Knightsbridge based department store, Harvey Nichols, has been busy excavating their basement. Long the home of their menswear offering, this cavernous yet claustrophobic space is, we are told, being completely made over ready for its unveiling in spring 2016.
Left - Harvey Nichols' new store in Birmingham which gives us the direction stylistically of the Knightsbridge store's new men's basement.
So, what’s new? I recently attended a presentation of theirs describing how the new spaces are going to look. Bye, bye shop-in-shops and branded concessions: long the bastion of mega-brands, physically claiming prime spots in-store to be replaced by easily changeable spaces and the mixing of brands.
I'd like to think of it as a more democratic form of shopping: allowing labels to speak to people solely on product alone without the pre-judgement of walking over to a branded section or the muscling out of smaller brands by placing them in the parts of the store these mega-brands don’t want.
The big brands won’t like this. They will sell less. There will now be an equal playing field between them and whichever new brands Harvey Nichols decide to stock. It also allows Harvey Nichols to drop brands faster, regardless of size, to keep pace with the speed of fashion and allowing new brands to bring excitement and interest into their physical store.
People are tired of seeing the same brands everywhere regardless of how expensive they are. It also allows a form of curation rather than simply a mini-mall of the same designer names which you can find the world over.
Harvey Nichols know they can’t compete with the likes of Harrods and Selfridges on menswear floor space, so, they are making theirs more flexible and less static. This is a very clever idea.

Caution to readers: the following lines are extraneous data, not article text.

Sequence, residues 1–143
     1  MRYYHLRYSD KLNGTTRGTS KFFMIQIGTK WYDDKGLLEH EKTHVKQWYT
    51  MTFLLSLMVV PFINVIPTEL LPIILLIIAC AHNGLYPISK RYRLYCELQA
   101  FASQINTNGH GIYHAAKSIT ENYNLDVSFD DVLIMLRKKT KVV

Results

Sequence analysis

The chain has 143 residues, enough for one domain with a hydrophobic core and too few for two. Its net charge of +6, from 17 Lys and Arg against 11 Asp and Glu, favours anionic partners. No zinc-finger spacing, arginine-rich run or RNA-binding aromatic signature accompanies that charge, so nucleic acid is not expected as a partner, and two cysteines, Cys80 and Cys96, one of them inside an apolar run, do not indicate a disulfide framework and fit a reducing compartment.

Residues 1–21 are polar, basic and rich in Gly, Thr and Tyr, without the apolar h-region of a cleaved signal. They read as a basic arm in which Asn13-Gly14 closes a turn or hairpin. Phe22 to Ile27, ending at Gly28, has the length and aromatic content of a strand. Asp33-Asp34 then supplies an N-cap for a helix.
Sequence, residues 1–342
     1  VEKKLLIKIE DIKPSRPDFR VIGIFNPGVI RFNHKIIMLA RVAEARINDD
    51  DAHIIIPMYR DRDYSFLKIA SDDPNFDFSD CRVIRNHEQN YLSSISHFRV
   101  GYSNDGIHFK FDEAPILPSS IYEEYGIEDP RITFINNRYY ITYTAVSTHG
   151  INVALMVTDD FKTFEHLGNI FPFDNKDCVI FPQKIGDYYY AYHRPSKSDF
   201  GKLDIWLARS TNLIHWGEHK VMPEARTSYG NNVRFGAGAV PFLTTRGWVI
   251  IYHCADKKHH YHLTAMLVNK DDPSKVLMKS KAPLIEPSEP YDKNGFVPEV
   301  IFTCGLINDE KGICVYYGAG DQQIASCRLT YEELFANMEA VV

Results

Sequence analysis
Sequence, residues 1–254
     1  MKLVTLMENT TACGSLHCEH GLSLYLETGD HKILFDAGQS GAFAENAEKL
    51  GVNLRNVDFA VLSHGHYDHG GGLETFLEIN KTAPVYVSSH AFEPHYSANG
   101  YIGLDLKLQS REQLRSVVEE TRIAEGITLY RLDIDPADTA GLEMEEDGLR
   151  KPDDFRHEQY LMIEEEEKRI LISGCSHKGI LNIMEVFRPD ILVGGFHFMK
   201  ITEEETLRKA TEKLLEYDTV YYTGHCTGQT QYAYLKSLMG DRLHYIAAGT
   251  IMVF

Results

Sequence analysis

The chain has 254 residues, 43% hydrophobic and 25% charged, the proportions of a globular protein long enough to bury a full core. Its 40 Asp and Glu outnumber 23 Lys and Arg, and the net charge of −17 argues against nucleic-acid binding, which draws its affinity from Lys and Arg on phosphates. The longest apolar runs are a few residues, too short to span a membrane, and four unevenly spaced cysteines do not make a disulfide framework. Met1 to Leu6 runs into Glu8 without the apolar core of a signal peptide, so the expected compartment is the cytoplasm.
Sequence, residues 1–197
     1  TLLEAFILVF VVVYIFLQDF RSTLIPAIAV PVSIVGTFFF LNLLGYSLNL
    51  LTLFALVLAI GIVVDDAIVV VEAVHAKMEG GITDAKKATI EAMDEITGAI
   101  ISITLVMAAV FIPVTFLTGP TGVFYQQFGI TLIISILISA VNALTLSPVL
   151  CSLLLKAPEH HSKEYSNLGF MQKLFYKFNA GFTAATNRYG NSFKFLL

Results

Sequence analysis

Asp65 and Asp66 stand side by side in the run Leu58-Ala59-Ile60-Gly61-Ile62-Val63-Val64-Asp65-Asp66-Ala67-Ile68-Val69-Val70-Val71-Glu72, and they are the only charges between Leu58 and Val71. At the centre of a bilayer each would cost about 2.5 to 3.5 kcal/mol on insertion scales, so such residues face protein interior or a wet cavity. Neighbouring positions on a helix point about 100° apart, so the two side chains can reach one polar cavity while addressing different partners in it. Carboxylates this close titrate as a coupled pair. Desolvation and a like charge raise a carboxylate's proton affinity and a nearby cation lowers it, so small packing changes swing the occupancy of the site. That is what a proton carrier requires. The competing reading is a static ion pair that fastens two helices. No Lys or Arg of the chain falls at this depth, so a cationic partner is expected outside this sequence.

Right - More interiors from Harvey Nichols Birmingham. Let's hope London looks this good
In order to survive shops need to become destinations. They need to offer something you can’t find anywhere else: something new, fresh and inspiring. They also have to flow, both visibly and physically, and, ultimately, part time-poor people with their cash.
One of the more interesting ideas they have is putting all the same things together. So, white T-shirts, tuxedos etc., all at different price points, selected by Harvey Nichols, are together with the sales assistants explaining the differences between them all.
Fashion’s big names have long earnt their corners of the big stores, but they sell more and remain powerful because they have the best positions and are, therefore, stuck in a positive cycle which is very hard to break, making retail spaces look the same every time and everywhere. It all becomes quite predictable and menswear buyers and the retailers want something different and exciting while still retaining the spend.
Harvey Nichols is seeing this refresh as an opportunity to try something new. No doubt they’ll be some difficult discussions with brands, but I hope they hold their ground and give these ideas a chance to prove that the customer, now, buys into good product rather than brands. Menswear just got a level playing field!
Opening April 2016